In the seventies Ron and Russell Mael fast attracted a fan base thanks to their decidedly unorthodox musical act, the Sparks. Despite changing demographics, shifting musical tastes and their unending oddity, the brothers have managed to enthrall fans well into the 21st century. Director Edgar Wright (“Shaun of the Dead,” “Baby Driver”) is just one among those many famous fans to wax nostalgic about the band, with a new documentary about the siblings he called “The Sparks Brothers.”
As brothers and aspiring musicians, their story was difficult even at the start. Their father died when they were young, leaving them behind with questions that had no answers, but with a fire in their belly to scream into the void with music. Russell Mael, with his good looks and infectious energy, was a natural as the frontman for their early musical iterations. The more mercurial Ron tried a different tack, opting to confound expectations time and again with his unique dress and pencil moustache—which he teased was neither Hitler-esque nor Chaplin-esque, though anyone with two eyes might beg to differ (unsurprisingly, Weird Al Yankovic is a fan, and he offers that the Sparks gave “comedy” musicians like himself permission to be taken seriously as artists).
Wright uses black-and-white interviews for contemporary talking heads, including Flea, Jane Wiedlin and Beck to praise the Sparks. Contemporaries of the brothers from the punk scene in both the United States and United Kingdom speak highly of them as well. Predictably, England provided a captive audience for the Sparks (which were then called Half-Nelson), what with its exports like the Sex Pistols. In one of the more intriguing episodes of “The Sparks Brothers,” the band was essentially kicked out of England on their first go-round before making a successful second try a few years later.
In their second go at Blighy they caught fire, earning them legions of fans. But just when it seemed they were on the right track, Ron and Russell decided they wanted to return home to California. The English members of their backing band were given the boot, and one, talking to Wright’s camera today, shrugs it off as if to say, “well, that’s it then.”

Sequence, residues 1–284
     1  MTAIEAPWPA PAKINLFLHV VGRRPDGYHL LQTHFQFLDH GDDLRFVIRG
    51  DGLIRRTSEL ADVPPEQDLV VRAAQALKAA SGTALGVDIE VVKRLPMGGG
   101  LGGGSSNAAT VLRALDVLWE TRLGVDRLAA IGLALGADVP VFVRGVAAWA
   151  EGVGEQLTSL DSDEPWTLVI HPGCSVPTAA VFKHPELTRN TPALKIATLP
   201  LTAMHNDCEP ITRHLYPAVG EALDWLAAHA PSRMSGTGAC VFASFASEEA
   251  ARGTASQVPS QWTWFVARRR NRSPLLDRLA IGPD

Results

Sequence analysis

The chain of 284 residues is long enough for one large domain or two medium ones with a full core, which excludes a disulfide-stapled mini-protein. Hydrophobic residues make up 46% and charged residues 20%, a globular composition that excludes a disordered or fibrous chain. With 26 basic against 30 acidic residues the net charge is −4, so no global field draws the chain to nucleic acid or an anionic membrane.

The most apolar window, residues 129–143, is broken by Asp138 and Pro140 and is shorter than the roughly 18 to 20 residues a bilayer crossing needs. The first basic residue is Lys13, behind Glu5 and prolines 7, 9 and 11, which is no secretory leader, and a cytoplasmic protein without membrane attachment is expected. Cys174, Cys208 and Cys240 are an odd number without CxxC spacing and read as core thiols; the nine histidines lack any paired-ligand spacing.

If you had never heard of the Sparks before, you’re not alone, but Wright effectively makes the case that their electronic and experimental methodologies all but gave birth to the synthesizer sound of the eighties. But by the nineties, music had changed, grunge was in, and the sound of eighties excess was out. The Sparks pressed on, their devoted fans in tow.
At two hours and twenty minutes “The Sparks Brothers” is more rather long cinematic love letter than documentary, but there’s something to be said for the passion and genuine adoration that Wright and his subjects have for the Mael brothers and their hard-to-classify sound. Wright is betting that his reputation for stylish filmmaking will ingratiate new fans to the band, and he may likely succeed even if his new film could have used some trimming, especially in the third part.
Fans of the Sparks will likely have no problem with the running time, and music aficionados of all stripes could do worse than spending quality time with Russell and Ron, now much older but clearly still up for any challenge to continue to confound music critics.
“The Sparks Brothers” opened on Friday.